I’ll admit, when the pandemic hit, and my state (New York) closed all court houses, I was nervous to say the least. My law practice in New York was only a few weeks old, and suddenly I couldn’t go to court for any of my clients or pursue the court appointed work I expected I could complete to make ends meet.

However, as the weeks went by, I learned how to adapt my law practice in ways I never anticipated. The result was a much stronger practice, a much more confident attorney, and a happier lifestyle all around. Here are a few lessons I learned about practicing law in a pandemic.

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Young Lawyer Perspective – How To Keep Yourself Organized

Young Lawyer Perspective - How To Keep Yourself OrganizedThis week we welcome back guest writer Shirlene Armstrong to talk about staying organized as a newly admitted lawyer.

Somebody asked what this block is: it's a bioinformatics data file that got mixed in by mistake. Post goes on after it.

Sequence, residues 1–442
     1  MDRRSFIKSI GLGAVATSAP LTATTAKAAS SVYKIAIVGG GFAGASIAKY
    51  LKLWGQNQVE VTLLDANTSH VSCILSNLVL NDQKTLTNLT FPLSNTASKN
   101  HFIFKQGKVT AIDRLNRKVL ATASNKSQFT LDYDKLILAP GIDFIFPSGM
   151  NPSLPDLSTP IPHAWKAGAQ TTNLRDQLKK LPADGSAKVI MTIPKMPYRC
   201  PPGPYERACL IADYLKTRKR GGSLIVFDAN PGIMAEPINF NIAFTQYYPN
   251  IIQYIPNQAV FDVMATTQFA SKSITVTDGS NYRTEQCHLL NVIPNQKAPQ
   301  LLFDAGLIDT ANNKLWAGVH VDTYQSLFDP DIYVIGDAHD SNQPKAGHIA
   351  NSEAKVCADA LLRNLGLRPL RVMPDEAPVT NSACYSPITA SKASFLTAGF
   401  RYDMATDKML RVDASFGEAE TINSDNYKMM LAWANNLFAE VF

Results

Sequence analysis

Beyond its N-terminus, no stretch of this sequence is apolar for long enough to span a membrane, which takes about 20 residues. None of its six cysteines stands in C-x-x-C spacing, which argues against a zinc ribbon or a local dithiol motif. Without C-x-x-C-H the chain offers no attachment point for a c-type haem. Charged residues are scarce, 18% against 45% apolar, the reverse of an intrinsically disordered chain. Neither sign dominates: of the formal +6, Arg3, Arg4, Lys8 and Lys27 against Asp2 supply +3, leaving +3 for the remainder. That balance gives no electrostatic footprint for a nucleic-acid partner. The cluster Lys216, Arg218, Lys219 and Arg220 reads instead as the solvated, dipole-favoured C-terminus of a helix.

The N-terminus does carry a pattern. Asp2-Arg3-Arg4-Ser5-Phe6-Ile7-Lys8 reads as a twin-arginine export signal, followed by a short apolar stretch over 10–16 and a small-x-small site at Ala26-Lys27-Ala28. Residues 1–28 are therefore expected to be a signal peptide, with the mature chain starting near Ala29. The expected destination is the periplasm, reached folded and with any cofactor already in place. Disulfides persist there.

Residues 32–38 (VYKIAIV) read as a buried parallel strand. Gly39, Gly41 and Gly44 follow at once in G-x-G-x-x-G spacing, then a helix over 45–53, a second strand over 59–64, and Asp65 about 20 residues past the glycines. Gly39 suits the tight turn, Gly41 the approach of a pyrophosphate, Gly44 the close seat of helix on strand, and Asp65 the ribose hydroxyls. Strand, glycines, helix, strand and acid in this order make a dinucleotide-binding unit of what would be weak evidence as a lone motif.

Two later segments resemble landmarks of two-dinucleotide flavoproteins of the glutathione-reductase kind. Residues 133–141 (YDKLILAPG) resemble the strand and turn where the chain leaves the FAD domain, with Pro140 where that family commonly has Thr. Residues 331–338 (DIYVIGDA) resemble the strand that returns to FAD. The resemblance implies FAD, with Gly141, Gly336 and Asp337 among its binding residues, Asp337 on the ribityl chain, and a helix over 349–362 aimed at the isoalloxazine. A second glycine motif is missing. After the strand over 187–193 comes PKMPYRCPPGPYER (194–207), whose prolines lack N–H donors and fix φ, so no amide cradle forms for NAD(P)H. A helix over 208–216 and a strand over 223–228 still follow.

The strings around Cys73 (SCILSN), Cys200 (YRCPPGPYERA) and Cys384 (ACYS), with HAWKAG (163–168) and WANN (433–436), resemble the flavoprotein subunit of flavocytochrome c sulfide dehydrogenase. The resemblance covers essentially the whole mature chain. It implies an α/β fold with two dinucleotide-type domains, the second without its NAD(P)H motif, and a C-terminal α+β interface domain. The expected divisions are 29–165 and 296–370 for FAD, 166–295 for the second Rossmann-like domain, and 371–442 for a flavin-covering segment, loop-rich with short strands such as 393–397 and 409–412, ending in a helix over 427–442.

Are you a newly admitted or “young” lawyer? Are you overwhelmed with the amount of work you have to do? Are you not even sure where to start or how to get yourself organized? You’re in luck! I am a young associate who has a passion for organization. I am an attorney at a small-medium law firm that specializes in personal injury. I started at the firm in my first year of law school as a law clerk/paralegal (the only one for quite some time too) and became an attorney after I graduated and passed the bar. Because of this, I was able to learn how to manage assignments and cases and figured out very quickly I had to keep myself VERY organized. When you first get into practice, you are kind of just thrown into things. No one sits you down and tells you, “hey this is how you should keep yourself organized” or “here is a comprehensive guide on how to manage your caseload.” While I may not know everything there is to know about practicing law (yet), I still want to use my experience to help you keep yourself organized. Here are some tips and tricks that have helped me in my practice. [Read more…]

A Stranger in a Strange Land: Taking the Leap from Small Firm to Government Attorney

A Stranger in a Strange Land: Taking the Leap from Small Firm to Government AttorneyThis week we welcome back guest writer Mark Livingston to talk about making the move from practicing law at a small firm to becoming a government attorney.